That’s just transportation.
    The world sure is going to look different in the next 50 yrs.

  31. 31
    🌎 🇺🇸 Goku (aka Amerikan Baka) 🗳 🌷 says:


    It’s sad that we knew in 1958 the basics of global warming and still did nothing. Just imagine if we had tried cap and trade then and the overall reduction of greenhouse gases. Granted, it would have been difficult convincing the Soviets to do anything considering their own poor environmental track record and distrust of the West, but it might be better today.

  32. 32
    joel hanes says:

    @Amir Khalid:

    an industrial process for stripping the oxygen from the water that uses less energy than you can get from the resulting hydrogen

    The Second Law of Thermodynamics assures me that no such process exists or can exist; in fact, it guarantees that we will never get back even as much energy as we put in. That doesn’t mean that it’s definitely not worth doing; we need transportation fuels. But hydrogen poses some handling and distribution problems.

    Ethanol from perennial-species biomass, like switchgrass, might be better.

  33. 33
    Ken Shabby says:

    @Chris T.:

    The nice thing about solar power is, it’s run via a giant nuclear plant about 93 million miles away where the atmosphere protects us from the particularly deadly parts of the radiation and all the radioactive byproducts are also 93 million miles away.

    (It’s a fusion reactor, rather than fission, but the point is, it’s tucked safely 93 million miles away.)

    Love this. It also ‘runs’ the wind, another source of energy, through windmills.

    I keep wondering if 50 years from now, people will ask why we burnt an irreplaceable lubricant and key component so many symnthetic materials derive from. It will seem criminally ludicrous.

  34. 34
    joel hanes says:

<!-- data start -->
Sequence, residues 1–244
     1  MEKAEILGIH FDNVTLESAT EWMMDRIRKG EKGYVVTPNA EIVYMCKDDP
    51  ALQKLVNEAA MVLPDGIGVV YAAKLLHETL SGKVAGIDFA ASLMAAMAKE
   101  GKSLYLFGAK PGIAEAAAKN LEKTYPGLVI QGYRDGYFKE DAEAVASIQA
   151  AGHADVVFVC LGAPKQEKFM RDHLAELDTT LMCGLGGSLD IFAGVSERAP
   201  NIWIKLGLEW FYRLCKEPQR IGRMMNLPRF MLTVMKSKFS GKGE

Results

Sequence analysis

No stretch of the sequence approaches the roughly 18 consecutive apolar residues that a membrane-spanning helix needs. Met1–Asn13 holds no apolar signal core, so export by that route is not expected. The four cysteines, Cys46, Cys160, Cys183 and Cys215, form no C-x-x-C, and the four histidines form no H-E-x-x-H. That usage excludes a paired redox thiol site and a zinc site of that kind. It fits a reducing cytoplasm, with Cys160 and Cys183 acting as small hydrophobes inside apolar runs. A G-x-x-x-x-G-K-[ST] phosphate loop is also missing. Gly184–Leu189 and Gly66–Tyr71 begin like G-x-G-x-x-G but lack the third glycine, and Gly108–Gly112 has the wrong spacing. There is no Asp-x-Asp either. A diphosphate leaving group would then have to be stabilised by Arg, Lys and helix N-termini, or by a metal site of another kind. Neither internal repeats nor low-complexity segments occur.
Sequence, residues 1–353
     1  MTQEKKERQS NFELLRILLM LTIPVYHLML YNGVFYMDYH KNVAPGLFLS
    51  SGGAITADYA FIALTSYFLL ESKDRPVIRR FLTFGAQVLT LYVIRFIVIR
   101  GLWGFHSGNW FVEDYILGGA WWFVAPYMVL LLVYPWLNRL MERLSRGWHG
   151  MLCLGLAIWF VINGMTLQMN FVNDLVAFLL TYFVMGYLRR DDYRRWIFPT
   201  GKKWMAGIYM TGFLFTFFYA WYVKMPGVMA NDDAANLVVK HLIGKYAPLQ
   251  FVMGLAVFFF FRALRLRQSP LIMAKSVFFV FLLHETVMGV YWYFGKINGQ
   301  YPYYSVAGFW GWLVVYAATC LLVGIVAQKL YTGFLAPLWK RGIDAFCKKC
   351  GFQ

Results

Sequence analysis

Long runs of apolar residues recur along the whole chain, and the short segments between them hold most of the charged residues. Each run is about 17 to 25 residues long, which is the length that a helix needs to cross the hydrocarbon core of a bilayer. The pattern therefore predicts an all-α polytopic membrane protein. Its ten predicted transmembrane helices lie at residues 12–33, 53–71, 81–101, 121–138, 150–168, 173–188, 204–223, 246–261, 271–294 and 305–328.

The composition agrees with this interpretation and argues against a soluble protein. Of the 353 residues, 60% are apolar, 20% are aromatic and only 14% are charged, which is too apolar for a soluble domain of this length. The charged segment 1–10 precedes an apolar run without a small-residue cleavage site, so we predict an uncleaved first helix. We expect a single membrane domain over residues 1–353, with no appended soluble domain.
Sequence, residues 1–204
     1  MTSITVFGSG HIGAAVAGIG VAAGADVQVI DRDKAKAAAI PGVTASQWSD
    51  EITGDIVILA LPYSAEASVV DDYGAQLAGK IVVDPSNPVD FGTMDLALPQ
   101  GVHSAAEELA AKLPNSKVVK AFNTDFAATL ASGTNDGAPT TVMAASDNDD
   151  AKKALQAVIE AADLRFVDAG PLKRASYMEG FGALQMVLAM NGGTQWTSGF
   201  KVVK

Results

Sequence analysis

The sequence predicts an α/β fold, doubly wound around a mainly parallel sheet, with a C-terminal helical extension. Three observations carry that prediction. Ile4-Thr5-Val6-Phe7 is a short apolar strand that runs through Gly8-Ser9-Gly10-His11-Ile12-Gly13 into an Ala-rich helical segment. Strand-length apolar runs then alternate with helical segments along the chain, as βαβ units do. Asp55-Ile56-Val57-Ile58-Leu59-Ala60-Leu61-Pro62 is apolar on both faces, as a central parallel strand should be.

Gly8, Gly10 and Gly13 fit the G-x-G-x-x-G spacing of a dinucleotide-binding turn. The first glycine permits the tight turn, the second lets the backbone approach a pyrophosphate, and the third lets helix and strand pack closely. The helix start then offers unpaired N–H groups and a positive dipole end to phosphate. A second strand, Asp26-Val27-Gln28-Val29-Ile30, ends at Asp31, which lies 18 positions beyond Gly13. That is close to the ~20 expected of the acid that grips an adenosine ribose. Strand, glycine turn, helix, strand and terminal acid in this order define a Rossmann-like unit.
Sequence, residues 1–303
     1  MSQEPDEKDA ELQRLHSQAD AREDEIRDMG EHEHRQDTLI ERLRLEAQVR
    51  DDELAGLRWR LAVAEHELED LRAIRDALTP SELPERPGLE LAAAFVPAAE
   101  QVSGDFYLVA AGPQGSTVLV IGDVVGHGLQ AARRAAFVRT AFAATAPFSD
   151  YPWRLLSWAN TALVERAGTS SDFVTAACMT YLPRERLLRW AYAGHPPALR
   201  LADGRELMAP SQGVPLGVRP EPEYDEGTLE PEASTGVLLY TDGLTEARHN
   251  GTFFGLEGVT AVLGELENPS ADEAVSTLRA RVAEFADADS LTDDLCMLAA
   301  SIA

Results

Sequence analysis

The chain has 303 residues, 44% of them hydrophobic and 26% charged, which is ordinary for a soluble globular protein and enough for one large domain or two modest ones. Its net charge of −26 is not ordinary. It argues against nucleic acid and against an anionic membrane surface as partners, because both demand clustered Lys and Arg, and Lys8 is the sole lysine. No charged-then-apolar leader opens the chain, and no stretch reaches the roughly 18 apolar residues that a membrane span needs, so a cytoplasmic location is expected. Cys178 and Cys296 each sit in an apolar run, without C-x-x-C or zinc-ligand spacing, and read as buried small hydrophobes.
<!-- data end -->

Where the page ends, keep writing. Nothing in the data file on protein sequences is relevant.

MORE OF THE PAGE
Sounds like a frightened uninformed layman discussing sequestered reactor waste.
    Yah, “radiation could be released”, a quarter-mile underground. And it might get into any water trickling through the repository, and in the course of hundreds or thousands of years, make it into the biosphere — by which time it is likely much less radioactive.
    You want to ask those people “How much?”
    Dose rate is everything.
    The Rocky Mountains and the Sierra Nevada “release radiation”, all the time, as do virtually all granite formations.
    Every time you take a commercial flight, or go above 7000 feet altitude, you get mildly irradiated.

  35. 35
    joel hanes says:


    Our quandary would be much less fraught if, decades ago, we’d been wise enough to make inexpensive, confidential, effective contraception as widely available as possible.

    Because 2 or 4 billion people are much easier to provide for than 10 billion.

  36. 36
    Villago Delenda Est says:

    That’s all the thermodynamics you need to understand most of global warming.

    That’s more than your average Rethuglican can grok, though.

  37. 37
    Ruckus says:

    @joel hanes:
    I was irradiated every day for 9 weeks. On purpose. Of course it was a different type of radiation and it was for a rational purpose.

  38. 38
    Amir Khalid says:

    @joel hanes:
    Were that correct, the fossil-fuel industry would not be viable. In fact it uses less energy extracting and refining and shipping product than we get in usable form from that product, and yet the second law of thermodynamics remains intact.

  39. 39
    Ruckus says:

    @joel hanes: